The Astor Wines & Spirits Glossary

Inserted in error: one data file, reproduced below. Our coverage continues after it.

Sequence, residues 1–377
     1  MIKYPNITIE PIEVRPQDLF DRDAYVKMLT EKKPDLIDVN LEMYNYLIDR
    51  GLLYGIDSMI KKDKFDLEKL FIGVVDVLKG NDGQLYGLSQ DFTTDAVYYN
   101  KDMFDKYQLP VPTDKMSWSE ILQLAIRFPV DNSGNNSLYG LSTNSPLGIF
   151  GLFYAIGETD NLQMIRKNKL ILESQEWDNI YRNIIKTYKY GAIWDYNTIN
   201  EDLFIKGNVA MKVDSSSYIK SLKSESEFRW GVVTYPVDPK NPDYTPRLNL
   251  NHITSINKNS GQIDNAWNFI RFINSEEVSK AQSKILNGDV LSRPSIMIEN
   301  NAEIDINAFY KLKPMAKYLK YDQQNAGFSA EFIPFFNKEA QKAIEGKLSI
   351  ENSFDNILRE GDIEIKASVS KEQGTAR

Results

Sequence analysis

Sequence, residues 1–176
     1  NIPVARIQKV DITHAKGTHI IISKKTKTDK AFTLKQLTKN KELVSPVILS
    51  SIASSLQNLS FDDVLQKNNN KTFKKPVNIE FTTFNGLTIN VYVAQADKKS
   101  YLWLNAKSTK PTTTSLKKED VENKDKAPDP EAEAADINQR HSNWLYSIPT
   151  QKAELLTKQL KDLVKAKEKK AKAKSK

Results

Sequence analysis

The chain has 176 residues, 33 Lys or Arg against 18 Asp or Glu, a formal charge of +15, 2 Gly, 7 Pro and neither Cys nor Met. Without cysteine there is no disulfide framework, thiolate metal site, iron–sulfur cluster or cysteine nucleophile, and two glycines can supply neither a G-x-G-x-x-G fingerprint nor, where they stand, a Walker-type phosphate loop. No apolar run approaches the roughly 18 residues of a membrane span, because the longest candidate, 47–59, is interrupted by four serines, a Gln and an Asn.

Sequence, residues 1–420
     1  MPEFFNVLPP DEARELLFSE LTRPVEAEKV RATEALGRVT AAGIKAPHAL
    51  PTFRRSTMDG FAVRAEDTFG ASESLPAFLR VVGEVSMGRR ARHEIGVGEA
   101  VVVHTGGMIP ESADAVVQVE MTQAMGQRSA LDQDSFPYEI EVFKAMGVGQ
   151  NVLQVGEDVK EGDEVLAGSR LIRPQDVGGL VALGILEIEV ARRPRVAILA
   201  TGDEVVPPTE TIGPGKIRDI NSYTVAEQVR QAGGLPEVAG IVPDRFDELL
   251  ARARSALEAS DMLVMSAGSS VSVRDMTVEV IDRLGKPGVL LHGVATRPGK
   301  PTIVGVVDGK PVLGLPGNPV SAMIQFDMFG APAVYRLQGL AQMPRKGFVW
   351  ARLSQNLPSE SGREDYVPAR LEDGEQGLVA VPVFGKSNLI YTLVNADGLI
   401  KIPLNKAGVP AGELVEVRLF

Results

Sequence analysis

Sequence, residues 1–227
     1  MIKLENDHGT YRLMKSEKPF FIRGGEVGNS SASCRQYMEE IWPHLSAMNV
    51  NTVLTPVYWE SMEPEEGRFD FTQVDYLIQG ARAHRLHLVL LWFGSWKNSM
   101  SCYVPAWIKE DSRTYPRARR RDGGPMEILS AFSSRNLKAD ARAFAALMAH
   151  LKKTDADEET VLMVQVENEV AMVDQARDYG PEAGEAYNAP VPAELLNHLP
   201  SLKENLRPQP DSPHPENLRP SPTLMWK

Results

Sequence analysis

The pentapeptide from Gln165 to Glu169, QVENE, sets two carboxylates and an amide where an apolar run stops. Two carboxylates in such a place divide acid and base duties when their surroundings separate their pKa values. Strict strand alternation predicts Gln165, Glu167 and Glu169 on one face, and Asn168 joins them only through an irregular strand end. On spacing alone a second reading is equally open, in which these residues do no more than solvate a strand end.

Flor is a protective layer of naturally occurring yeast that grows, under certain circumstances, in the barrels after fortification. Its presence (or absence) is what determines the style of a given Sherry. When it does grow, it protects the wine from oxidation while feasting on the available glycerin - the resultant Sherries are thus dry and very pale in color (called Finos or Manzanillas). Sometimes the layer forms early on, but then falls into the wine and disintegrates - these Sherries thus become more full-bodied and slightly oxidized (called Amontillados). When no flor grows at all, the Sherries become very dark and highly oxidized (called Olorosos). The development of flor is based on a number of climatic factors (temperature, humidity, etc), but is most easily controlled by the degree of fortification of the wines. Yeasts can only grow in environments that contain up to about 16% alcohol - a higher percentage inhibits their ability to develop.

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